I remember reading one time that the majority of allied troops in WWII did not fire their weapon when confronted with an enemy, even when they knew how to use the weapon, even when not firing meant their own death. This seemed to be attributed by the military to a combination of fear and a reluctance to fire on a fellow human, even if they were the enemy.

The article where I read this claimed that this was the birth of modern military training with its desensitization to violence. And that this in turn was one of the major reasons for the over-the-top violence later witnessed in Vietnam.

Whether this is true or not, it has always captured my imagination. I wonder, if confronted with killing another human being, even in self defense, would I be able to pull the trigger?

Though I hold deep respect for those who are, I cannot claim to be a pacifist. Under certain circumstances, I'm sure I would commit violence, especially to preserve my own life. But put in a war, I picture myself as one of those men who would just freeze, trapped by two very strong messages about what is the right thing to do. On the one hand, I want to serve God and country, on the other (besides being scared half to death) I just don't think I could kill someone simply because they had been defined as the enemy. (or indeed, for any reason at all)

I'm not sure if this is what the song is really about, but the Rheostatics song Saskatchewan always brings this question to mind. "I could not fire, and I don't know why." Now, maybe it's just that he's wounded and that's why he can't fire. But I interpret it my own way.

I hope this is not interpreted as passing any kind of judgement on anyone who has ever been in a war and has or has not fired. I have never been you and I can't know and don't pretend to know your reasons.

By the way, I tried to find the article but couldn't. If anyone else has read it and knows the citation, could you post it here? I have a feeling it was by Noam Chomsky, but I couldn't find it in the Chomsky archive.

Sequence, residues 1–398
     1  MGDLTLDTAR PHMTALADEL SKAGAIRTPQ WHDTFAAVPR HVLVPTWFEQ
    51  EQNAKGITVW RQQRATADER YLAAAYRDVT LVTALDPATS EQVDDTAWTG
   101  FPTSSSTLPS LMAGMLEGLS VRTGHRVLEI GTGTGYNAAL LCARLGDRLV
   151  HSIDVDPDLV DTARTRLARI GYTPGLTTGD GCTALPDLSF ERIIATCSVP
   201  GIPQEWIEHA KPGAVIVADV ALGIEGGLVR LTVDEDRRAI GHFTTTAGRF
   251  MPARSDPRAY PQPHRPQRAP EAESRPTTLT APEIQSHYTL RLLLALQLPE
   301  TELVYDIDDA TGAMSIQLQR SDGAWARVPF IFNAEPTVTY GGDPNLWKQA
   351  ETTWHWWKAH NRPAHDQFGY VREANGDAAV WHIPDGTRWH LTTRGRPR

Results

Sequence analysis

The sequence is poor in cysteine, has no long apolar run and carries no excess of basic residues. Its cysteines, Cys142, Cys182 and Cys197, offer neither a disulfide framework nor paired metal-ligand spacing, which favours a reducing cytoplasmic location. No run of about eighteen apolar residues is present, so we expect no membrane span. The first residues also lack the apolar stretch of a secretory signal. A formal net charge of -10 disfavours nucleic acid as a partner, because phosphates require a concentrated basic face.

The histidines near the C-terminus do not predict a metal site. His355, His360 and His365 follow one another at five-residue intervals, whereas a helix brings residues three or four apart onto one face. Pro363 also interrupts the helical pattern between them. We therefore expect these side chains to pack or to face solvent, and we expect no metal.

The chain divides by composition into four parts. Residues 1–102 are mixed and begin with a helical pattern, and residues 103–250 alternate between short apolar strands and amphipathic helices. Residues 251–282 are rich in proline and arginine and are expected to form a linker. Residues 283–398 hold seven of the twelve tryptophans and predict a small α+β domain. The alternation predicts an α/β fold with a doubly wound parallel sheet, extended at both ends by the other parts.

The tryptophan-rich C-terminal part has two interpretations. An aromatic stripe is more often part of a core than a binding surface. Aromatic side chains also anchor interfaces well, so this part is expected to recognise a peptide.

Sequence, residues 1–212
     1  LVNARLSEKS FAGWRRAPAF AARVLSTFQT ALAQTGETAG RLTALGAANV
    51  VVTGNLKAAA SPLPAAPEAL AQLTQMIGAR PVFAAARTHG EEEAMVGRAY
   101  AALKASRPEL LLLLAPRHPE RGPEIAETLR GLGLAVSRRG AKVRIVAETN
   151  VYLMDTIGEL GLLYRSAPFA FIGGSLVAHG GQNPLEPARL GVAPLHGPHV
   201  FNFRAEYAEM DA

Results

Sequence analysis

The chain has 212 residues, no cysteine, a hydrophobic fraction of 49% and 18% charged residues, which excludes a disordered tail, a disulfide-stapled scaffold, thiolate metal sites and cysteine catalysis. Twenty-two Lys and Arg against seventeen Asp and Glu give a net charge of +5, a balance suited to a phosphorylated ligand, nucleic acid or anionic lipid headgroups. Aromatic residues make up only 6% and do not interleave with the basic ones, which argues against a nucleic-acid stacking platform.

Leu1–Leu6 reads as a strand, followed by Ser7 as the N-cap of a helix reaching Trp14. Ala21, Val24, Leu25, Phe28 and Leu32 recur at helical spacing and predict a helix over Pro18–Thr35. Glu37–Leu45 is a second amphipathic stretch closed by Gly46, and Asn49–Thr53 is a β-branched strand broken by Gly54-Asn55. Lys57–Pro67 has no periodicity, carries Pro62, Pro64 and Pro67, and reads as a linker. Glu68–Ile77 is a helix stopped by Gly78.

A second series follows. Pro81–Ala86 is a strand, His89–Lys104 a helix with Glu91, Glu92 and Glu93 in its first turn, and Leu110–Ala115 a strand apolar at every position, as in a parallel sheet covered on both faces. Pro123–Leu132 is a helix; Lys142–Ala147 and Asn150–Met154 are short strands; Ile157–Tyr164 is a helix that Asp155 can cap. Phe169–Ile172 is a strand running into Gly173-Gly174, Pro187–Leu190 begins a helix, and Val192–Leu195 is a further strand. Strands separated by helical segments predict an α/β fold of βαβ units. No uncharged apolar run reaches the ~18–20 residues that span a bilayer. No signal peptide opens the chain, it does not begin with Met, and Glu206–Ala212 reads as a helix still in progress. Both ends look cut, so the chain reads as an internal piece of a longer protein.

The moral decision one makes about going to war, or going to war and not shooting other people, or whatever, should be made before one reaches the field of combat. Going into battle, I would have wanted my squadmen to respond automatically to the commands I would give them, and not sit down and ponder their meaning - not because I want blind obedience but because I want to live. Actually reaching a situation in which your friends expect you to shoot and then not doing it is much worse than never getting there, from any point of view you take.

The real problem is people usually don't make a moral decision at all - they just act. The soldiers who served with me were sometimes highly motivated, sometimes motivated solely by fear of punishment and sometimes apathetic, but they were all conscripted… Most of them just tried to be reasonably good soldiers 'cause that's what they were being judged as at the time, and most tried to have as painless a time as possible. Most people morally react, at their best, and usually do not take a stand.

Military training is meant to do many things, and one of them is to get the soldier used to obeying orders. The fear of your DI or squad leader, often coupled with a certain amount of respect, is almost always present in combat units, and is enough to get the soldier to do some unpleasant things. Honor, as described by people around you, and a kind of comradeship that arises in hard situations and small groups, are usually enough to make sure you charge. The automatic training is mostly there to make sure you do it properly.

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